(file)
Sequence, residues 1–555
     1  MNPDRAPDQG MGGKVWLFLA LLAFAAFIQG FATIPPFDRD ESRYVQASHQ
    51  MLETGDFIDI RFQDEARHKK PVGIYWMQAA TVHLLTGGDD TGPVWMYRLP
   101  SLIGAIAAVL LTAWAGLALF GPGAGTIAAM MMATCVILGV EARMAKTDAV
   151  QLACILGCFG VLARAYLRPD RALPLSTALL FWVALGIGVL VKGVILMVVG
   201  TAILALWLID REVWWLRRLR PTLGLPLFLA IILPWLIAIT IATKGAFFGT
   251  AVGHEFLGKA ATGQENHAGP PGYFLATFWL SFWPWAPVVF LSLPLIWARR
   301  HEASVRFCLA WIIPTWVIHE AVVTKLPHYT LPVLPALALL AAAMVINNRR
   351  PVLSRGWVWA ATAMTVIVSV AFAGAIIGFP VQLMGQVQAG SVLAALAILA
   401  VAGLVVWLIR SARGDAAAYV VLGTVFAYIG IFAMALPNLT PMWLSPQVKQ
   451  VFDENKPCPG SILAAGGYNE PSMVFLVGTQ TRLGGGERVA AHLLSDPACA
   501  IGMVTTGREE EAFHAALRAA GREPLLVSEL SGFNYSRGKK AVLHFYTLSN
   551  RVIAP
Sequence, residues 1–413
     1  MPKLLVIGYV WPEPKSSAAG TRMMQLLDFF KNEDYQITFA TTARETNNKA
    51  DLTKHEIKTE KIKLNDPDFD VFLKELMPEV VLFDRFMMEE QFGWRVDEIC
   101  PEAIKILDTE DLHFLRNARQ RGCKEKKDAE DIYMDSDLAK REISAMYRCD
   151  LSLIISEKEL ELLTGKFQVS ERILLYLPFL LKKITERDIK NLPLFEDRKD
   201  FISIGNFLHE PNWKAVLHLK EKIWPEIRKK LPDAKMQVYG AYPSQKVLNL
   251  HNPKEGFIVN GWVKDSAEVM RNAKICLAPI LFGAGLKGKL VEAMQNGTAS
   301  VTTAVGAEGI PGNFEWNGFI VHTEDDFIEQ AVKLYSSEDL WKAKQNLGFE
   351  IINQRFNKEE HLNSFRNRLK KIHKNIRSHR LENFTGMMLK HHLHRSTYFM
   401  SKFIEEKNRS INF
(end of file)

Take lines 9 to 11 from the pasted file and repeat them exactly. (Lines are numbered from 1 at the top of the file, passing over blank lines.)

   351  PVLSRGWVWA ATAMTVIVSV AFAGAIIGFP VQLMGQVQAG SVLAALAILA
   401  VAGLVVWLIR SARGDAAAYV VLGTVFAYIG IFAMALPNLT PMWLSPQVKQ
   451  VFDENKPCPG SILAAGGYNE PSMVFLVGTQ TRLGGGERVA AHLLSDPACA